Happy Spring Quarter, y’all! The skies are blue, the birds are chirping (yes, it is always like this in Santa Barbara, but other cities do have distinct seasons, remember?) and I’m here, as usual, writing to ruin your happiness with a lovely update on current affairs, specifically the minimum wage.
Right now, my baby boy Barack is in Michigan pushing for the current federal minimum wage of $7.25 to rise to $10.10. Here in California, we are lucky, and our minimum wage is $8.00; we are among the 19 states that have set their own, raised minimum wages. Washington is up to $9.19. They really are on the right track lately…
But the rest of the country is suffering, especially us millennials. 50.6 percent of the American workforces who are working at or below the federal minimum wage are in the 16-24-age bracket. That’s 3.55 million workers. So at $7.25 an hour, someone who is working full time at 40 hours a week would make a yearly salary of $15,080 … assuming that they work every week and never miss a single day for the whole year, not accounting for taxes or federal holidays. $15,080 is nowhere near a living wage, and so it should come as no surprise that 24 percent of those earning minimum wage are living at or below the poverty line.
Looking at the history of the federal minimum wage, things are very dismal. In 1968, the federal minimum wage was $1.60. If we apply inflation rates to that number, that works out to about $10.70 in 2013. That’s more than three dollars more than our current minimum wage and this fiscal disparity has been keeping people in poverty for decades. What does it mean that our country’s minimum wage peaked over 40 years ago? Kinda seems like we’re going downhill to me. Not to mention the fact that our current federal minimum wage was set five years ago in 2009, and contrary to pretty much every other federal benchmark, minimum wage is not updated for inflation.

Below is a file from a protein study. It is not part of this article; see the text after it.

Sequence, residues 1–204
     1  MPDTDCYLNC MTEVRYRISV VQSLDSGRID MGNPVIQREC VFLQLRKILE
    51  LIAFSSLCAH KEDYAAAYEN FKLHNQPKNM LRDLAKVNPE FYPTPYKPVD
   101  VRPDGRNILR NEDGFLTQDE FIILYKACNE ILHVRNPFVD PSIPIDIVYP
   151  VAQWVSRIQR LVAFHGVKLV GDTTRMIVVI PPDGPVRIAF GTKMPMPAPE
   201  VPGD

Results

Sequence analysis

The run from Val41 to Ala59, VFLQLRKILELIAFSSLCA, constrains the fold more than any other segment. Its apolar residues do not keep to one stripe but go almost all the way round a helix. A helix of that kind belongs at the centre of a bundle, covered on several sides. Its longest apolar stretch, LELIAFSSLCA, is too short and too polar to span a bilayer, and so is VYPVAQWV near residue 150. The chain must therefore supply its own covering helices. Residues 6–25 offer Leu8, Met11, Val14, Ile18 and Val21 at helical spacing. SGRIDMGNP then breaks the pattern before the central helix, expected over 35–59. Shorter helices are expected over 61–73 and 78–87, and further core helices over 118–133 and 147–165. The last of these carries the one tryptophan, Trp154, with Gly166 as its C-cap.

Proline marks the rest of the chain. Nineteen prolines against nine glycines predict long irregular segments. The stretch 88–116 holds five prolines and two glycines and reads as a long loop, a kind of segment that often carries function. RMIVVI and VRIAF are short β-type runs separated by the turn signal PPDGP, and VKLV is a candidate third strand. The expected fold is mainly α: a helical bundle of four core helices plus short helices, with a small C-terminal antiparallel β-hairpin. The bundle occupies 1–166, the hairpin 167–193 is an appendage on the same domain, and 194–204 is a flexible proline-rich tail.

Currently, the biggest opposition to raising the federal minimum wage is the theory that it will negatively affect the economy, but countless studies have proved just the opposite. A 2010 study by economists at the University of Massachusetts, University of North Carolina and University of California compared employment data from countries neighboring the United States and found that minimum wage increases did not cost jobs, even during times of high-unemployment and periods of recession.
The truth is that during a struggling economy, raising the minimum wage will financially benefit everyone, except those in the one percent, who are already doing just dandy. Raising the minimum wage will increase consumer spending because those living paycheck-to-paycheck won’t be so strapped for cash, and everyone knows that increasing consumer spending is the key to stimulating the economy. We need to realize that it isn’t coincidental that the guys shouting the loudest about how terrible it would be to raise the minimum wage are the same dudes that would personally take a hit if they had to pay their workers fairly.
Mckinley Krongaus is an extremely loud human (if you didn’t know) and she could easily outshout that one percent.